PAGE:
SG: Definitely. I'm close to 50 years old, and last year, I did an online course, re-training on digital marketing because I need to understand and adapt to the new generation's communications. We spent eighteen months off the field during the pandemic; we retired our people a week before the government ordered the lockdown. We stopped visiting physicians for three months and started re-training our teams because our main stakeholders were primary respiratory physicians and infectious disease doctors, who were busy with the situation. It was a very hard decision, but the right decision. The hospitals, doctors, insurance companies, and claims were learning and adapting to new protocols to treat COVID patients, and it didn't make any sense to do any promotion at that time. We learned to use other communication tools, email, WhatsApp, webinars, etc. We learned to adapt, to perform business intelligence, and BI meant listening to the customer. 

EF: What is the relative importance of Colombia to GSK as a group?

SG: Latin America is divided into three regions, and our region's priority is innovation, mainly because of how the Colombian health system works. There are fantastic opportunities for access and growth in Colombia. We are an entrepreneurial team, and our organization trusts us to get results with innovation. 

EF: How do you attract GSK resources to Colombia with other countries vying for resources?

SG: In terms of product presentation, we have proved that we are capable and successful, and we always get resources. For example, we did two weeks of promotion for a new product for COPD in February, and then we launched it six months later in August, and the product did very well. Our strong team is open to innovation, which is critical to be given priority. We are effective and proficient and generate trust -a key element. We are building a very strong and talented medical oncology team and a commercial team to achieve access to innovation. We are also working to bring new innovative vaccines and strengthen our HIV and respiratory teams. We are even exporting talent; we have many Colombians working across the organization in Europe in different therapeutic areas. I am very proud that we export many talented Colombians –and Latin Americans- worldwide.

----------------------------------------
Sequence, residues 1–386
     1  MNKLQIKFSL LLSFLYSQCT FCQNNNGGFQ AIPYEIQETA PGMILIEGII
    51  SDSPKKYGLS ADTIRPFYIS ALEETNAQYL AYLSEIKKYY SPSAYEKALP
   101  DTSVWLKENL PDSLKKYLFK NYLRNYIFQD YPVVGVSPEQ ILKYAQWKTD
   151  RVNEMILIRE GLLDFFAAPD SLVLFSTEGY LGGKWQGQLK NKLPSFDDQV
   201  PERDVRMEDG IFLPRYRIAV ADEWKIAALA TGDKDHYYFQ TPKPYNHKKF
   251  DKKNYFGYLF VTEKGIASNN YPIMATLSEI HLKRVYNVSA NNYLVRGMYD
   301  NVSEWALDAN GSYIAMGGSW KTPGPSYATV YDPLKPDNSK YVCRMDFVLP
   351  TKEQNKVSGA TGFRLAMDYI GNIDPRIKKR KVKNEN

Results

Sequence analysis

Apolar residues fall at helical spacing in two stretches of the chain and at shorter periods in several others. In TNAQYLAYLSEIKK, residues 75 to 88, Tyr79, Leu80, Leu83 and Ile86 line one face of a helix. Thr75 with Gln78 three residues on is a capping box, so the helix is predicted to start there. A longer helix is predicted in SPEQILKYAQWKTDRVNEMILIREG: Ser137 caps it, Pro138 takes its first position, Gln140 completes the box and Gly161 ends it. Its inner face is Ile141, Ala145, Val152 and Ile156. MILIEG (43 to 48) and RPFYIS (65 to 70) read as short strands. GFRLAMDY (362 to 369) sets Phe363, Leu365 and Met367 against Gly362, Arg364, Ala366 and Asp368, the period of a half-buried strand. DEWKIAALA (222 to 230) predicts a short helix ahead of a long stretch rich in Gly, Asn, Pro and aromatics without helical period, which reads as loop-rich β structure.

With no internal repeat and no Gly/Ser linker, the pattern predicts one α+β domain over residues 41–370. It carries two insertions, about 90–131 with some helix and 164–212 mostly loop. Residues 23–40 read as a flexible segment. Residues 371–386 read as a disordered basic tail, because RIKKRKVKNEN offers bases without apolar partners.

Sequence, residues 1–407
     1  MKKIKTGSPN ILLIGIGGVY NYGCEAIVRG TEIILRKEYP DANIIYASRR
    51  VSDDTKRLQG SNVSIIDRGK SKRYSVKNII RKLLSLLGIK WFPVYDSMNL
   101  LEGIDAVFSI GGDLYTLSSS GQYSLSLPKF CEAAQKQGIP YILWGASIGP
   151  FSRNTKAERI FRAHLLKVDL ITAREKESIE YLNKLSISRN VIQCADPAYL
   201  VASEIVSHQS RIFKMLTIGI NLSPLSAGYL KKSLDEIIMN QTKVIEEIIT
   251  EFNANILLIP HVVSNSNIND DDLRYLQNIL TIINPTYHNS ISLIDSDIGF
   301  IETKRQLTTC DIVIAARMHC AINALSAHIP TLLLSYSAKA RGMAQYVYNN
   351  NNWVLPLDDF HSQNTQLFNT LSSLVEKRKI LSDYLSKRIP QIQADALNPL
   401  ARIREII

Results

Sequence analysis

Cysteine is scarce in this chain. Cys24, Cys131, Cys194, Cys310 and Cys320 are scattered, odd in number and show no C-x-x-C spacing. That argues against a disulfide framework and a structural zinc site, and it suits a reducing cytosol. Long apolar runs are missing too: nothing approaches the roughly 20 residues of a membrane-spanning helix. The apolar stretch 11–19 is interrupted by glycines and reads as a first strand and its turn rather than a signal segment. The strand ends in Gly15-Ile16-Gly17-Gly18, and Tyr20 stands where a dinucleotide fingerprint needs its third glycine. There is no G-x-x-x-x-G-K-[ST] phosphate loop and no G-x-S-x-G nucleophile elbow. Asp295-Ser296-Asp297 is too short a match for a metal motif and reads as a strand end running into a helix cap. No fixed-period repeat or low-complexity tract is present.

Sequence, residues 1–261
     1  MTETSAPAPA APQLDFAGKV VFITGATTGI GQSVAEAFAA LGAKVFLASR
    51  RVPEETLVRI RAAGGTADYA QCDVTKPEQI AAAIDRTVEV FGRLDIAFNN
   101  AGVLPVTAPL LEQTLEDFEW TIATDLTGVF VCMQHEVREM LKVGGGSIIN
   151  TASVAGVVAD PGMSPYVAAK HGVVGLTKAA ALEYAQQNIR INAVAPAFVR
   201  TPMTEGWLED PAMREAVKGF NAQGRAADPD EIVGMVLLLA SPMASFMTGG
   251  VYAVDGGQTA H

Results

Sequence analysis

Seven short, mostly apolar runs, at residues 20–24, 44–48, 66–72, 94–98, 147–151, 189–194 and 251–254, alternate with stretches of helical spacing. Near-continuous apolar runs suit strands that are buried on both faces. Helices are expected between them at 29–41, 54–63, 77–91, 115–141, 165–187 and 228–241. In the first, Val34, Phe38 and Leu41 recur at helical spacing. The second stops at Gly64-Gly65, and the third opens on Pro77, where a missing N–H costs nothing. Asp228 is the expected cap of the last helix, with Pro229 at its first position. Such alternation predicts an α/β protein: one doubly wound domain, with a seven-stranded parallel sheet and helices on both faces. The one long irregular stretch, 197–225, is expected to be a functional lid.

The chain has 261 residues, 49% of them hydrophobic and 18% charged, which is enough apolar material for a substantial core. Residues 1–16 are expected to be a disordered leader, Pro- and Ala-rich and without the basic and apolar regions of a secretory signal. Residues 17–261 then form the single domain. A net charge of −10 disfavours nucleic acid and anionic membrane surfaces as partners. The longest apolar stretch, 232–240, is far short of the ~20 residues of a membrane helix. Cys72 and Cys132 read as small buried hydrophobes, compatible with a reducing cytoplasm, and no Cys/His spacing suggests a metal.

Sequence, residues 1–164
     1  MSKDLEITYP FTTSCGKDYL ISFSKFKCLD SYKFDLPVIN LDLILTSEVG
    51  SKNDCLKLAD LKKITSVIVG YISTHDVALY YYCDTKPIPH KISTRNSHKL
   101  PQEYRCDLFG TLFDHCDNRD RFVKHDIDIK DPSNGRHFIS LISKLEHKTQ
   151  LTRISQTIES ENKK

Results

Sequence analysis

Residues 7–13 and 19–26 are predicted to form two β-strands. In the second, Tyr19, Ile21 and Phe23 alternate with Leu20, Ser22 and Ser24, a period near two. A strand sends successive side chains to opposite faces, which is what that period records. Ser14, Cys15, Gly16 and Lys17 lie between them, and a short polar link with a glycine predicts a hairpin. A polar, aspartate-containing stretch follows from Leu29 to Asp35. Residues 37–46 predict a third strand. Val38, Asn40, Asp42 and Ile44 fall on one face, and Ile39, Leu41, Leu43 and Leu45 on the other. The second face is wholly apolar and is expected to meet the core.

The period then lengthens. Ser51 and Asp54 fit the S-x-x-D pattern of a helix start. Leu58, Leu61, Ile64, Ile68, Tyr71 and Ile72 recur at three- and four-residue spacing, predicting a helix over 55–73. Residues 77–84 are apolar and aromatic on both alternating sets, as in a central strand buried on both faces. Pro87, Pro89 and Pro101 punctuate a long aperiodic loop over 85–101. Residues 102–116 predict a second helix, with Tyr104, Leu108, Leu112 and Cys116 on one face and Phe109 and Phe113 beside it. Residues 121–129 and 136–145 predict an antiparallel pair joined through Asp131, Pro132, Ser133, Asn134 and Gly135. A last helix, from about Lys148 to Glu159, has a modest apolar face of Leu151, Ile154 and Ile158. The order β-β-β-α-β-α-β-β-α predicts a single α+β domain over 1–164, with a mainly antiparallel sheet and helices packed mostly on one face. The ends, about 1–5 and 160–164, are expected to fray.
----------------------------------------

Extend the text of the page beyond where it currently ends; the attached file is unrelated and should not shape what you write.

EF: When you look back at this period in your professional career, how would you like to be remembered? 

SG: I would like to be remembered for working together for the company's success. I like to leave a "friend footprint" behind. I am an ambitious leader; I enjoy working with people and know I have to be patient and not impose my ideas. I still keep in touch with people I worked with in India, Singapore, the UK, Argentina, and Peru. If I leave Colombia, I hope to leave friends here that will also remember me. 

EF: Is there a final message you would like to share?

SG: Any team can succeed if they work together; they must be humble enough to listen to what is happening within the organization and learn from the past. We have to be ambitious for the patients, and despite having many great ideas, they must be priorities. I see a lot of ideas within and outside the organization in governments, but we have to prioritize and focus on one or two things that will bring change to the health system and benefit the patient. With a work-life balance in mind, post-Covid, we have re-inaugurated our offices with open spaces for staff to relax and enjoy, installing a play station, ping pong table, and a  foosball table (table football). It is a collaborative space for our employees to have the opportunity to ground themselves and make them feel more at home. We work on all aspects of diversity and inclusion; 70% of the Colombian staff is female; we have people with different educational backgrounds from Barranquilla, Bucaramanga, and all corners of Colombia. We also have presence in Cali and Medellin, and we are not all centred in Bogotá.

JG: I've been working in GSK for almost ten years, and I am very proud of our impact on patients. Our ambition for the new GSK is to impact 2.5 billion people over the next ten years and 600 million people in emerging markets. For example, in vaccines last year in Colombia, we impacted the lives of seven hundred thousand people, many of them children. Our business is not about selling products but about impacting people's lives. Secondly, access to medicines is necessary, and providing access to drugs is the best job to have. We provide a great pathway to innovation, which promises access and a positive impact on people's lives.

June 2022